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The following post expands on a comment that a reader left the other day. He wishes to remain anonymous for the obvious reason that as a foreigner living in China, it is best to not make too much public comment on Chinese law. I completely understand.
Travelling with a knife in China
Like many people who ever drop in on a knife blog, I have daily carried a blade since I joined Scouts, with the smallest being that little Swiss Army knife that the toothpick is always missing from up to a 4.5″ folder.
Through the 90’s and early 00’s, I traveled extensively all around the world for my work. By that time, my favorite knife was my 3.25″ blade length drop-point Gerber with a sliding side thumb-lock. With good maintenance, a bit of light oil, and pulling the lock mechanism back, it was easy to flip out the blade one handed even while wearing heavy gloves about as fast as any spring-mechanism knife. The number of times I had to get my knife out while holding onto a ladder with the other hand, or a branch, or something else made me appreciate that feature more than any other knife I ever owned.
I foolishly never bothered to check on the laws of all the countries I needed to visit with respect to carrying, but I also never foolishly brandished the knife, or used it to casually cut something in plain view of people who might be bothered by it. The only time I had it taken away from me was flying back from Singapore to the USA in 1994 when Cathay Pacific’s extra gate security in Singapore decided that it shouldn’t be in my possession for the flight to HK or then the USA. They put it in a plastic bag, handed it to the chief purser in Singapore and when I landed in LA the new purser handed me the bag as I got off the plane to head to customs. Those were the days.
Only one time within the USA did I have a problem. I believe it was flying through Nashville, Tennessee in the mid-90’s when an overzealous airport security agent took my knife out of the little plastic bin I had sent through the X-Ray machine and declared my knife illegal in the airport. Prior to 9/11, carrying anything up to a 3.5″ edge length folding knife was perfectly legal, and my coworkers and I routinely hand-carried tools (razor knives, long screwdrivers, heavy shears, etc…) that would send TSA goons into a tizzy today if we tried to do so today. When I challenged the agent, he opened my knife and brought it to a table where someone had taped a mark at 3.5″. He then proceeded to push my blade up to the end of the edge where he saw it was still .25″ short of the mark. He then pushed it forward all the way to the polymer body and that extra .5″ put me over the limit. “See!”, he proclaimed. Fortunately, I had time to kill on my layover, and no desire to lose my favorite blade, so I told him I wasn’t leaving the security area until he called his supervisor over.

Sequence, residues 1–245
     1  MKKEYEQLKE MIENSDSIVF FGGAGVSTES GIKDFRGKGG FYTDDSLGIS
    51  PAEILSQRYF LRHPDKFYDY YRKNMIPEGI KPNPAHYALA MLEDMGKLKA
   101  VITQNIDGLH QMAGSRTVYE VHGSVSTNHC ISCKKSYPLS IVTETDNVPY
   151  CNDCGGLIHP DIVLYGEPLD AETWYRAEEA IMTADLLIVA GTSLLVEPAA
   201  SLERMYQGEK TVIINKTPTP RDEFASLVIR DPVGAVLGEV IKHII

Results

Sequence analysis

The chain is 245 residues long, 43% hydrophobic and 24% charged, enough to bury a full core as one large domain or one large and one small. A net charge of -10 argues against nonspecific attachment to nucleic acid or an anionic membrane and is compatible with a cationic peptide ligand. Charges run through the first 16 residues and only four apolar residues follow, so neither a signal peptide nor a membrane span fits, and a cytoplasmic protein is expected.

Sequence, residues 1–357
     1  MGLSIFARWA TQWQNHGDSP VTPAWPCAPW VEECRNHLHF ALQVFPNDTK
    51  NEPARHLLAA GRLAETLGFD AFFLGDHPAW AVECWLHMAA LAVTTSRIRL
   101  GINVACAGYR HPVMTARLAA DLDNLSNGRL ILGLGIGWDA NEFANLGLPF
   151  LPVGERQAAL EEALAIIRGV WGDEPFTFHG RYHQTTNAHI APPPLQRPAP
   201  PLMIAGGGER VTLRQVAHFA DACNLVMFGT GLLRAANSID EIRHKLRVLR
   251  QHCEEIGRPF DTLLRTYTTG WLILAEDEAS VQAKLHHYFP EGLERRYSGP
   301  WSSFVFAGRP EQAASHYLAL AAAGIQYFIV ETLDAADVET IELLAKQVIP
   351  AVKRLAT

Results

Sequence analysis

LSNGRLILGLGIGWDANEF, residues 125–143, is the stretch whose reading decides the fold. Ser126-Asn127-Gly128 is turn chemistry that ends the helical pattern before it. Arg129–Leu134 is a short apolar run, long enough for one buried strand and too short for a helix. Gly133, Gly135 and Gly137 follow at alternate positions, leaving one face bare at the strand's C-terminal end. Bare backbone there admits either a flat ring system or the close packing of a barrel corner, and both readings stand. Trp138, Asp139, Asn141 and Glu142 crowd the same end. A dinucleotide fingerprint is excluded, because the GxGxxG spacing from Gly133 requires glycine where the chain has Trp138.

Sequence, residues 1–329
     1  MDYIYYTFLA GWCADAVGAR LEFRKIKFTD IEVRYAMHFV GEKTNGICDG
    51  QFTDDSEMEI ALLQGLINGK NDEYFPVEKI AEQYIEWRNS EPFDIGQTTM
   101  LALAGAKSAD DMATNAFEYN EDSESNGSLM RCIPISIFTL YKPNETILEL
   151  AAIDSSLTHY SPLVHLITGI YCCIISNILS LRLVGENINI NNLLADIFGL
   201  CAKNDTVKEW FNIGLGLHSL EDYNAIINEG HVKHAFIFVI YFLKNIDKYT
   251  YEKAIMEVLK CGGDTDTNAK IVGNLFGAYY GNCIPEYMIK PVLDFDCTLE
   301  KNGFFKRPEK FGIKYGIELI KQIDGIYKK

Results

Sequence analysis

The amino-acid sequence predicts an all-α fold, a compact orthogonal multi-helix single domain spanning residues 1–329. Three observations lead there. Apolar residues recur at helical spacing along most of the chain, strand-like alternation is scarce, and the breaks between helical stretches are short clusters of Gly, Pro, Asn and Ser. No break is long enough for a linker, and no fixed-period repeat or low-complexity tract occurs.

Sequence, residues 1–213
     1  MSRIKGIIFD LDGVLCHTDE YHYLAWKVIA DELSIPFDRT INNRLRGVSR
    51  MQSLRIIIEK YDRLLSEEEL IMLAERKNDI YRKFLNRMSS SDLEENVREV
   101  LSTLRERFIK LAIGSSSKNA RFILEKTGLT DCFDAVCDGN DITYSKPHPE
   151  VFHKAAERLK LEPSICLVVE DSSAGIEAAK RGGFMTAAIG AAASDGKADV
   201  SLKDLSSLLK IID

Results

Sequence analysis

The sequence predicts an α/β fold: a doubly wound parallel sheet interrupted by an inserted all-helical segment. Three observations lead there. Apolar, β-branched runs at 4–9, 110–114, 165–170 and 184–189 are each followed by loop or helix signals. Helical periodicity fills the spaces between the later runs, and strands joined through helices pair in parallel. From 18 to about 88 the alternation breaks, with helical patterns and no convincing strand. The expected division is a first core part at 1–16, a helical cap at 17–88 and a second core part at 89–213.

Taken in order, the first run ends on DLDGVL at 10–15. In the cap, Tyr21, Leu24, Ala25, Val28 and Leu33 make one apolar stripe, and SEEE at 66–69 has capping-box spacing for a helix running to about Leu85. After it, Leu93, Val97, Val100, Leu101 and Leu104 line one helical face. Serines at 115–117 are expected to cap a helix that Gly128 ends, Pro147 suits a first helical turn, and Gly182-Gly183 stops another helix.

After some time, the supervisor showed up and asked me what the problem was. I explained to him my interpretation of the rules, and he asked his agent to repeat the measurement. This time the agent put the knife as far as possible right away. The supervisor smacked him on the back of the head and told him that he would need to re-attend the training on dealing with knives, closed my knife back up, and wished me well on my journey home.
Unfortunately, I lost that knife when my clothes were stolen at a gym a little over 10 years ago. I wish I had bought 3 or 4 when they were available, because Gerber stopped making them long before I stopped carrying it. I am now living in Beijing, China, where the written rules on carrying knives are a bit more lax than in much of the USA, but always up to the whims of the people who perform security roles (Baoqin, Teqin, Jiaotong, etc..). Basically, In Beijing, any dagger/fixed blade that is longer than 100 mm, and any spring-loaded knives that locks open are prohibited. Other knives that have a blade length over 120mm and a tip angle less than 60 degree are also prohibited. Under 4″, though, and almost anything goes, as you can see for yourself on sale in the street markets. The actual police (armed or unarmed) have never bothered me, but I carry a picture of the Chinese rules related to legal knives on my phone so if a subway security ever gets hot and bothered that I am carrying my perfectly legal pocket Gerber non-side-locking skeletonized drop-point knife (which has only happened once in 7 years, fortunately), I can show that and hopefully be on my way. But I keep a spare at home, just in case.